Freight & Logistics Policy
The costs and benefits of freight & logistics
The freight and logistics industry, which is made up almost entirely of private sector businesses, is the lifeblood of a country’s real economy as it ensures that manufacturers receive their raw materials and components and are able to distribute their products to customers and it allows retailers to have a wide range of goods for consumers to purchase. While the amount of freight transport fluctuates with the business cycle, the industry is very competitive so that any cost reductions achieved by individual businesses are passed onto their customers through lower prices. The freight and logistics industry is also a major employer in its own right, with job opportunities available both with transport operators, in distribution centres and at ports and airports; the UK Government says the industry accounts for 9% of the country’s GDP and 7% of its total employment.
At the same time, however, freight movements are a source of environmental emissions, contribute to congestion and generate noise. At a local level the diesel engines that are used by most road freight vehicles emit particulates which are damaging to human health and freight transport is a significant contributor to global warming. As some of these costs to society are not included within the financial costs incurred by freight operators and their customers, there is a role for public policy-makers to intervene in the market to balance the needs of private operators with the wider needs of society.
European freight transport policy
The European Commission has set out a vision for freight transport and logistics for 2030 and beyond where significant volumes of medium- to long-distance freight flows switch from road to rail and waterborne transport via freight hubs, such as rail-connected distribution centres and ports. So-called “last mile” deliveries and collections from these hubs into urban areas would then be by very low emission freight vehicles carrying out consolidated deliveries, with greater use of quiet night-time deliveries.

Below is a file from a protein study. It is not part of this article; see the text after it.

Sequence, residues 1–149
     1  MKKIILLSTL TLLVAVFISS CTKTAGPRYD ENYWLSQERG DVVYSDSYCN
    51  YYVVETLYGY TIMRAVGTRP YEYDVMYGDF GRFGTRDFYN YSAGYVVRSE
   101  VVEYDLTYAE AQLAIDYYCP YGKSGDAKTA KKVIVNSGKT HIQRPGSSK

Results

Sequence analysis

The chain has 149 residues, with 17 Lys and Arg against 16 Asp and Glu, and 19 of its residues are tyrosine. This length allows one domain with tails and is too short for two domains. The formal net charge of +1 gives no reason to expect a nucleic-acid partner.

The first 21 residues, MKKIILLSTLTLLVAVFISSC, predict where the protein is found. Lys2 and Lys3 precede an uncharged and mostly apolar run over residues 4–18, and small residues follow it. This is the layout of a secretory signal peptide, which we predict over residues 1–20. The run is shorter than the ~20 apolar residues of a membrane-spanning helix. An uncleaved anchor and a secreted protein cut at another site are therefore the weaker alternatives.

UK freight transport policy
The UK Government’s freight transport policyis set out in its Logistics Growth Strategy (published in November 2011), which was the result of a consultation exercise with the freight industry. The policy approach is, in general terms, to introduce measures that increase the competitiveness of the UK industry by reducing its cost base, reducing planning barriers and enhancing infrastructure that can improve journey time reliability.
Freight policy at a local level
Little guidance on freight policy is provided by central government to city regions and local authorities in the UK, despite the fact that freight transport has a direct impact on local areas by contributing to road congestion, reducing air quality and, more generally, affecting the quality of life for residents and visitors. However, the Local Transport Plan process and the existence of Freight Quality Partnerships in many areas provide the institutional basis for more effective freight transport policy-making at a local level. These policies need to be based on knowledge of the freight industry and an integrated, evidence-based approach to policy-making that develops bespoke packages of policy measures to incentivise the freight and logistics industry and its customers to adopt more “virtuous” behaviour.
With its knowledge of the freight and logistics industry and its understanding of freight policy at a European, national and local level the consultancy has particular expertise in the following policy-related areas:
- Economic impact analysis of new freight policies, regulations and charging structures
- Freight strategy and policy development
- Freight data analysis, forecasting and modelling
- Planning, policy and needs cases for logistics developments, such as rail freight distribution parks and port facilities
- Options development for freight infrastructure
- Freight transport grant applications
Urban Freight Transport Capability Statement